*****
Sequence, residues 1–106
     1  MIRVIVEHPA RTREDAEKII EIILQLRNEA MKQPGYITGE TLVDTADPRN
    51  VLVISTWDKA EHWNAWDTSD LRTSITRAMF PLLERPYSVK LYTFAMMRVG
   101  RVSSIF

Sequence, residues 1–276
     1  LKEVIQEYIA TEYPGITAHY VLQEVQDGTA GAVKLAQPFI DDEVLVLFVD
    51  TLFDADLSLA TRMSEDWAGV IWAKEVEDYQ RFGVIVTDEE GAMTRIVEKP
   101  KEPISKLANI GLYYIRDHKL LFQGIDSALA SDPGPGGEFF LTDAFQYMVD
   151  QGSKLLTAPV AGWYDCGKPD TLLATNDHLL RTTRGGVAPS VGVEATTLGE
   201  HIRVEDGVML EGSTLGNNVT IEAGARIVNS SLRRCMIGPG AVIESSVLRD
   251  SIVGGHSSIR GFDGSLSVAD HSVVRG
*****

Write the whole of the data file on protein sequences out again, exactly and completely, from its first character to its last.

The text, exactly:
Sequence, residues 1–106
     1  MIRVIVEHPA RTREDAEKII EIILQLRNEA MKQPGYITGE TLVDTADPRN
    51  VLVISTWDKA EHWNAWDTSD LRTSITRAMF PLLERPYSVK LYTFAMMRVG
   101  RVSSIF

Sequence, residues 1–276
     1  LKEVIQEYIA TEYPGITAHY VLQEVQDGTA GAVKLAQPFI DDEVLVLFVD
    51  TLFDADLSLA TRMSEDWAGV IWAKEVEDYQ RFGVIVTDEE GAMTRIVEKP
   101  KEPISKLANI GLYYIRDHKL LFQGIDSALA SDPGPGGEFF LTDAFQYMVD
   151  QGSKLLTAPV AGWYDCGKPD TLLATNDHLL RTTRGGVAPS VGVEATTLGE
   201  HIRVEDGVML EGSTLGNNVT IEAGARIVNS SLRRCMIGPG AVIESSVLRD
   251  SIVGGHSSIR GFDGSLSVAD HSVVRG